Book Shelf: I Loved, I Lost, I Made Spaghetti

My sister and I read this book in tandem last weekend, with her intermittently sneaking it away to her room whenever she spotted it lying idle on the coffee table/my bed pillow/the couch and me hunting it down Sherlock Holmes style in an effort to finish what I'd started... and was enjoying. In this little literary love triangle, the book was Brad, I was Jen and my sister, Jess, was Angelina.

Given that our usual taste in printed matter, as with clothes and men, are poles apart, our mutual affection for Giulia Melucci's memoir came as a surprise, though we each derived a different pleasure from the reading. I knew Jess would take interest as soon as I mentioned the author was a Brooklyn foodie with a penchant for dating angst-ridden creative/intellectual types, as she has been dating a Brooklyn-based gourmand for the better part of a year. Meanwhile, I relished the opportunity to have a Sex and the City style encounter with an author more interested in spaghetti than shoes, whose candid humour, self-deprecation and voracious appetite for new music keep her work from falling into well-trodden Eat Pray Love naval-gazing territory.

For Melucci, food is an emotional issue: she feeds her men to please, appease and tease, and cooks herself scrumptious pasta dishes – rather than falling head-first into a block of Cadbury – when they inevitably break up with her (apparently, the way to a man's heart is not always through his stomach). Jess got a kick out of the "emotionally inspired gourmet snacks" littered throughout each chapter, such as the pointed 'f*#k you cupcakes' (“Do not over mix, as this will make for tough cupcakes and you’ve suffered enough,” she quips) and 'Morning after pumpkin bread'. I skipped over a lot of the recipes, as I felt they slightly disrupted the flow of the text, though came away with a hankering for a hearty pasta dish.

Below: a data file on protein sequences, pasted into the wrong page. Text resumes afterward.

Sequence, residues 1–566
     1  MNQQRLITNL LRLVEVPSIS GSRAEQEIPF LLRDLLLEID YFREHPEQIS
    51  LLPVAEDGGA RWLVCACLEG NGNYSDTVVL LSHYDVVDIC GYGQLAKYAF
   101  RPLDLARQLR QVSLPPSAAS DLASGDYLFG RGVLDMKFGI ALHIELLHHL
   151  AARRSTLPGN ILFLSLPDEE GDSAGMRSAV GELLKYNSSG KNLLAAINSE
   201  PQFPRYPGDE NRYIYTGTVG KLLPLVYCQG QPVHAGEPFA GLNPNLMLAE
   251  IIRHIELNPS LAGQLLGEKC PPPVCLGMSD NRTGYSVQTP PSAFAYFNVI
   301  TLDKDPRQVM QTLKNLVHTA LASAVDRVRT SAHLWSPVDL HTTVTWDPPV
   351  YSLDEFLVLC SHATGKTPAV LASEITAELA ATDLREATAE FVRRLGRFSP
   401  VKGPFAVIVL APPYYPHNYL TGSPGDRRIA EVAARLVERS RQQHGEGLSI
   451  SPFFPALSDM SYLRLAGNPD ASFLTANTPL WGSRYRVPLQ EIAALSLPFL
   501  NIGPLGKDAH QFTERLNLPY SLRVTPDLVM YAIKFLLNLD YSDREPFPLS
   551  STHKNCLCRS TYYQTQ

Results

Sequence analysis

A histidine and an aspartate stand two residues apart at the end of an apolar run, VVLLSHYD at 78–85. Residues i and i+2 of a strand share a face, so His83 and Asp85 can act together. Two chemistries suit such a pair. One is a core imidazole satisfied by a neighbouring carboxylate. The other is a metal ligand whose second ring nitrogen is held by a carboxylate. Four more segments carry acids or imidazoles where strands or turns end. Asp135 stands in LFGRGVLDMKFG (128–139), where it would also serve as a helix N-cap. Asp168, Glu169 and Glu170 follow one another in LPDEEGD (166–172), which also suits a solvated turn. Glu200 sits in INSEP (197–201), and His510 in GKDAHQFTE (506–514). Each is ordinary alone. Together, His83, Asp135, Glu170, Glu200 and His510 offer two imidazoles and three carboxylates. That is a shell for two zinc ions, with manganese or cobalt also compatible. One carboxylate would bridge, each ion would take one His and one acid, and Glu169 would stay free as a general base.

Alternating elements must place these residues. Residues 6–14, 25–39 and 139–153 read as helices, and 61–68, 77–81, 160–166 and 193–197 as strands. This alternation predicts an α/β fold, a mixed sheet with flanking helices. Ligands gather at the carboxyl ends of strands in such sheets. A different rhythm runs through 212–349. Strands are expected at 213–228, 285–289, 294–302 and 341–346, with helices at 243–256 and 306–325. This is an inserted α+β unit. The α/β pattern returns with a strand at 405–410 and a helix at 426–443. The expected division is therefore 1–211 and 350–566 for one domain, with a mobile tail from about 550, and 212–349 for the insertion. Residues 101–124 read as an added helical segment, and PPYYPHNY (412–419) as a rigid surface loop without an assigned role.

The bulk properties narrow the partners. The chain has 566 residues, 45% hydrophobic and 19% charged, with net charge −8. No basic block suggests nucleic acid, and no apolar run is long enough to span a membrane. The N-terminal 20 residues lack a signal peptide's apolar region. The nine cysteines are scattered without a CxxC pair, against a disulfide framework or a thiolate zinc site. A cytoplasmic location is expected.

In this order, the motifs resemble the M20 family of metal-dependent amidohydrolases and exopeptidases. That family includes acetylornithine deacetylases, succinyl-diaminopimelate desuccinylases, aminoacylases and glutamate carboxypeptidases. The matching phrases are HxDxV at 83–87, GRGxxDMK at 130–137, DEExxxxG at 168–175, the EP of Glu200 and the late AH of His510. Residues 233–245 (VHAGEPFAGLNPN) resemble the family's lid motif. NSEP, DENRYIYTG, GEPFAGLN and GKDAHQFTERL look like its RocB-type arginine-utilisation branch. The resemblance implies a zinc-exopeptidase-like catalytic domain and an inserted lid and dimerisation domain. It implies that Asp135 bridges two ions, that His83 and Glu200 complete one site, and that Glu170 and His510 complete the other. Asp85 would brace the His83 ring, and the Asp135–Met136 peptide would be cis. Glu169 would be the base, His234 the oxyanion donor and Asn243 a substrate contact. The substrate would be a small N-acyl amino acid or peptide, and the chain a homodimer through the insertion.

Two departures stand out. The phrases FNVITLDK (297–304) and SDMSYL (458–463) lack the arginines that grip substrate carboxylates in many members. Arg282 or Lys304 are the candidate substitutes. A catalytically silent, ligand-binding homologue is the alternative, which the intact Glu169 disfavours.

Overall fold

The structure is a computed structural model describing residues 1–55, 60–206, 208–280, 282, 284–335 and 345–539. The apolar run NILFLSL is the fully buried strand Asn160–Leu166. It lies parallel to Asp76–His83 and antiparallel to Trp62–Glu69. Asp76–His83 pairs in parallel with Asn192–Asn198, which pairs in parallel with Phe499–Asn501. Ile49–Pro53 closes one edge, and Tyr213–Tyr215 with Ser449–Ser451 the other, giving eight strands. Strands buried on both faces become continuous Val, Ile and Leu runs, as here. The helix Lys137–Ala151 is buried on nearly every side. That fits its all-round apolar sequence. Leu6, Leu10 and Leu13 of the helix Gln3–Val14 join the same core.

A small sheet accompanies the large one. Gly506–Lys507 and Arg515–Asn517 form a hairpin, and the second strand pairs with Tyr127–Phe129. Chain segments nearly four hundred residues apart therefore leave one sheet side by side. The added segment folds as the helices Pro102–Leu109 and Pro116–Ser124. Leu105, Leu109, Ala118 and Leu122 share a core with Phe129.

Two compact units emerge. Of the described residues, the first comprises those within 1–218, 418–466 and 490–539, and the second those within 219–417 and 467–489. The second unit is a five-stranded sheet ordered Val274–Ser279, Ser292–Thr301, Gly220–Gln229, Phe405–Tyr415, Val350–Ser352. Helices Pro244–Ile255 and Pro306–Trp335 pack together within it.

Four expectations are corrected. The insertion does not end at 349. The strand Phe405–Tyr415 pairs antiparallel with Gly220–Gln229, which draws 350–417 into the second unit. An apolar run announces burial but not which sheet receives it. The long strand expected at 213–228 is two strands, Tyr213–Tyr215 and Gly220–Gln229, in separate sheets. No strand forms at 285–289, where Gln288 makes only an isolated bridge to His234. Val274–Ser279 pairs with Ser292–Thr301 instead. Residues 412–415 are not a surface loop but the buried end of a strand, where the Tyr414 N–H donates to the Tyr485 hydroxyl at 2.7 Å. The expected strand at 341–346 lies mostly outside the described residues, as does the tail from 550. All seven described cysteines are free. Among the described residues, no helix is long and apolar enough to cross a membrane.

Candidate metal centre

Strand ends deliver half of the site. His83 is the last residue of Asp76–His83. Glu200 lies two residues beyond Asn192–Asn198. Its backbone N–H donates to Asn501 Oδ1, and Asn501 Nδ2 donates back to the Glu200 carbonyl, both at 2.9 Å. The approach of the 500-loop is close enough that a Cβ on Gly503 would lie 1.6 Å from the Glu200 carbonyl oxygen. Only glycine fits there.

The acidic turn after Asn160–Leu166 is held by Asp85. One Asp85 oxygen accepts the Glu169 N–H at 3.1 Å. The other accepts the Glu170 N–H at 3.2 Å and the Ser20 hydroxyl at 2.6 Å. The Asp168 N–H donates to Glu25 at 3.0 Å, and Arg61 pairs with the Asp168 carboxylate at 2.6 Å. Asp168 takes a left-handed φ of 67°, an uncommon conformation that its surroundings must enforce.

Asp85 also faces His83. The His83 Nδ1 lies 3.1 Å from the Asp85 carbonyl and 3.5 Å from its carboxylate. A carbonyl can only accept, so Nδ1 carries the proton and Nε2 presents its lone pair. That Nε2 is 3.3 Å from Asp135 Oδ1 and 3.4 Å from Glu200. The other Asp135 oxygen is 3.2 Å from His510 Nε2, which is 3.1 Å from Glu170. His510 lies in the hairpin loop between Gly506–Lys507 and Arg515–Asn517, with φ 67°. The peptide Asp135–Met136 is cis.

Jess also loved the opportunity to relive part of her NYC experience: "Although Melucci works in Manhattan and dines in fancy restaurants, such as Soho's Blue Ribbon, she moves across the bridge from her Lower East Side apartment to the outskirts of Manhattan, living in Park Slope and Brooklyn. She shops at Sahadis Fine Foods, haunts bars in Smith Street and embarks on a subway date with a man who dwells in Williamsburg."

Now 42, Melucci is decidedly circumspect about her seemingly perpetual singledom as she recounts each one of her often turbulent relationships for our voyeuristic pleasure (each chapter represents a new man and ends with a bitter-sweet break-up). There's the 'older' New Yorker cartoonist who travels via Vespa, the moody writer (think Carrie Bradshaw's Burger) with an alcohol problem, and the Scottish author who uses her to get his next novel published (successfully) amongst others. You get the sense that Melucci is on a mission to save these men, one meal at a time.